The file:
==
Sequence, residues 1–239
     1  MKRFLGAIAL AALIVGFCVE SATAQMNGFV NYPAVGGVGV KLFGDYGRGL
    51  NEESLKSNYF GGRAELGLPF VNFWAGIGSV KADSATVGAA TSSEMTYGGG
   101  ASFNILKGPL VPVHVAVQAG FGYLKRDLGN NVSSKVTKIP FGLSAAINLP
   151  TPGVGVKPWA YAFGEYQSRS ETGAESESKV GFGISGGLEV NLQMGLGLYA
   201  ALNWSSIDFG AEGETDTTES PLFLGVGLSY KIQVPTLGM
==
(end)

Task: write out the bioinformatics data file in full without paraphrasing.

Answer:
Sequence, residues 1–239
     1  MKRFLGAIAL AALIVGFCVE SATAQMNGFV NYPAVGGVGV KLFGDYGRGL
    51  NEESLKSNYF GGRAELGLPF VNFWAGIGSV KADSATVGAA TSSEMTYGGG
   101  ASFNILKGPL VPVHVAVQAG FGYLKRDLGN NVSSKVTKIP FGLSAAINLP
   151  TPGVGVKPWA YAFGEYQSRS ETGAESESKV GFGISGGLEV NLQMGLGLYA
   201  ALNWSSIDFG AEGETDTTES PLFLGVGLSY KIQVPTLGM